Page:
Rebekah McKerley
Rebekah McKerley
Uganda, 2019 - 2021
Hello! I am living in Jinja, Uganda, for 2 years working with HEAL Ministries as a social worker. HEAL is a non-profit whose goal is family preservation. In this role, I will be expanding the social work program so that we can provide more resources to single-parent families. Read More About Rebekah →

Rainy Holidays

Rainy season in Uganda normally lasts about 3 months at a time, but this year it has been raining since April. Recently, in Western and Northern Uganda, a heavy rain caused mudslides and flooding. Roads were washed away, houses were destroyed, and people who survive off of their land found piles of rock and dirt covering every bit of land they owned. It is going to be very hard for them to recover. They lost all their belongings, their livelihood, and they have no bank account with savings to help them rebuild. The news, however, says that Uganda is not nearly as affected as several other East African countries. Please pray that the flooding and mudslides will stop. That the rain will slow down and that dry season will come, but that dry season will be a normal 3 months and not crazy long like this rainy season has been. Climate change is really affecting the weather here on the equator, and it has killed and affected the lives of so many.

On a more exciting note, I moved! My new home is actually right down the road from where I was living before, so thankfully I can still walk to work. I barely have any furniture at the moment, so I’m living out of suitcases and have bags lying in every corner. But I’m excited, over time, to make this place my home. I am living on the bottom level of basically a duplex. There is a pool in the yard, and I am really looking forward to swimming in it during dry season! I have a carpenter making me a table, couch, dresser, and a few other random pieces of furniture. He is making them all by himself, so it will be a long time before they are all done. My new place is slowly coming together. Moving here is stressful, and I miss having the luxury of a target to go get everything I need from, but there is also something uniquely beautiful about slowly curating a home where I get to design exactly what I want and find used items that can be repurposed. My goal over the next couple weeks is to search through central market to find a couple of gently used rugs.

I am now on Christmas break from work! Here in Uganda people typically go to the village for Christmas and New Years to visit with family. Which basically means Jinja town is a lot quieter and shops close up for several weeks. We had a really fun staff Christmas party at work before starting our Holiday break. We played games and gave out gifts and ate yummy food. I am excited to have a break from work though and get to meet up with people I usually don’t have time to see, fix up my new home, and read some fun books. Christmas here will look a lot different than in the States, but I like that this culture is not consumed by materialistic goods at Christmas time. I bought a handmade nativity set in town and a small Charlie Brown looking Christmas tree. Christmas day I’m going to go to church in the morning, and then go spend the day with John’s family in the village. We will cook a big meal and enjoy time with one another. I am absolutely going to miss my family, but I am excited to see what Christmas is like in a village in Uganda.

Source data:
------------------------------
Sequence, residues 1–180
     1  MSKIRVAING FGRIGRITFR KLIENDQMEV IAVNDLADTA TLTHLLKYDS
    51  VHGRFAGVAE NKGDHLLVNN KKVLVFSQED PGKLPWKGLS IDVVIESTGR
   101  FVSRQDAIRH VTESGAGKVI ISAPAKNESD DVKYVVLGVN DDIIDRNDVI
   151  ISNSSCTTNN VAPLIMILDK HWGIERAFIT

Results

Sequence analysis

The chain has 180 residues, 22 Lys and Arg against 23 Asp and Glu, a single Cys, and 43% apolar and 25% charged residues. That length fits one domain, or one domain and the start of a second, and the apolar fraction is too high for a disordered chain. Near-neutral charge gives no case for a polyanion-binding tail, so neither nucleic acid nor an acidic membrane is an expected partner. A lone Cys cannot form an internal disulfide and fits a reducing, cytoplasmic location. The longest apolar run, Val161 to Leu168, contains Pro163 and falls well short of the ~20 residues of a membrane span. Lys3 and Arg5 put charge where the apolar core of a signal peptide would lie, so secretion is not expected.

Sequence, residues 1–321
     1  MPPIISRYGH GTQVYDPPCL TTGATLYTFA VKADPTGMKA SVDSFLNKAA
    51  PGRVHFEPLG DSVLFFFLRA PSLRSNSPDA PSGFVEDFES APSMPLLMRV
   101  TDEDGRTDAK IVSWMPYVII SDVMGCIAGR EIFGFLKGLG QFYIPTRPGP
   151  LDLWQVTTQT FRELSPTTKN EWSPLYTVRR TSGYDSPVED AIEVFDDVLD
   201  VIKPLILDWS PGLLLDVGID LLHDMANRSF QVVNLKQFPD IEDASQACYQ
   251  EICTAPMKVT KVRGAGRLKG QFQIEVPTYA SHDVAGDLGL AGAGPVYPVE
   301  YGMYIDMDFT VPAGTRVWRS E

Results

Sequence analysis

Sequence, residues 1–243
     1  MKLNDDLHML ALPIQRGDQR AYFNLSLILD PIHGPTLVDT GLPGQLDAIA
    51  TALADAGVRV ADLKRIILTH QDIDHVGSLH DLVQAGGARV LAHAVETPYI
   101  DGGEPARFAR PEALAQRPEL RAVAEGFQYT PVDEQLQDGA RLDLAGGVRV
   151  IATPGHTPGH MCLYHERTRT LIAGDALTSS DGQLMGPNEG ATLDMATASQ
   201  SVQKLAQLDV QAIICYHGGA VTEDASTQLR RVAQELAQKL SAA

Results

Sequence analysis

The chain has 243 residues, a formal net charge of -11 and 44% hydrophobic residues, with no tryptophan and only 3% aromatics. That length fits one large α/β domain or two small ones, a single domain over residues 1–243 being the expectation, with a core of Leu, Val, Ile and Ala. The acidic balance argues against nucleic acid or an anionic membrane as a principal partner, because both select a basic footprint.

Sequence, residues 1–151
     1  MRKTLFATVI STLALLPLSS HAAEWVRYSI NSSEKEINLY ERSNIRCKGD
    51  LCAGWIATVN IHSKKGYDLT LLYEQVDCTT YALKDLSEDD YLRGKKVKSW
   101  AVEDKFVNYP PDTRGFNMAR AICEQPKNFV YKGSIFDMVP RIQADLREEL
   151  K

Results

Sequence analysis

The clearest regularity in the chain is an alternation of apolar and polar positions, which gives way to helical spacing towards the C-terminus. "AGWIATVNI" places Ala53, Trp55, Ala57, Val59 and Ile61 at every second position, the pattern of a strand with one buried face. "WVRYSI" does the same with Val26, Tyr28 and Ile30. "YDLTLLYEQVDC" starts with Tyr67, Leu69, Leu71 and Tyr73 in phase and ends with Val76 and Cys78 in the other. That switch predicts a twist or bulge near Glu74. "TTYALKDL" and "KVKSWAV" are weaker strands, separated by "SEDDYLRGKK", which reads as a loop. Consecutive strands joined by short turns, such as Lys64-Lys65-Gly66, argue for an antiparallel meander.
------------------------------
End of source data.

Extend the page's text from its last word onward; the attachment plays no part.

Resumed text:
Last week was one of those reminders that Uganda does not operate the same as the United States. I was supposed to pay for my work permit Monday and pick it up in Kampala on Tuesday, but when I went to the bank to pay they said I must fill out an assessment form before paying, which they no longer carried. They sent me to the Ugandan Revenue Authority, but they also no longer had the form. Even the Immigration office didn’t have a solution to the problem. There were also problems at the bank when I tried to pay some stuff for work. Efficiency is a not a value in this culture, and with unreliable network connections and ever-changing government systems, you never know what problems you’ll run into when trying to do small tasks. Not going to lie, I got very annoyed and frustrated, but I had to remember that this is a different country and culture, and I can’t expect things to happen the same way here as they do in the States. Laws and procedures are different here. It’s not always easy to adapt, but I am learning patience and letting go of my American expectations. Please join me in praying that I will be able to pay for my work permit and pick it up soon so that I don’t run into problems when my visa expires next month.

The highlight of the past month was getting to go to the coast of Kenya for a few days! When my grandmother passed away this year, she left each grandchild some money, and I knew I wanted to use it to travel, especially around Africa because she always dreamed of moving and working here when she was a young adult. I went to Diani Beach which had the clearest water and white sand. It was absolutely beautiful, and such a great time to rest and also see a different East African country. Kenya is far more developed than Uganda, and much bigger too. I got back to Jinja yesterday, and I have the gift of having a dear friend here visiting for a week. We lived together 3 summers ago here in Uganda, and it is so good having her back for a short time! I’m looking forward to time with her and other friends over the next few weeks. It should be an uneventful, rainy, and quiet break, but I am so thankful to have that time so that I can process and reflect on the last few months of life here.

Diani Beach, Kenya

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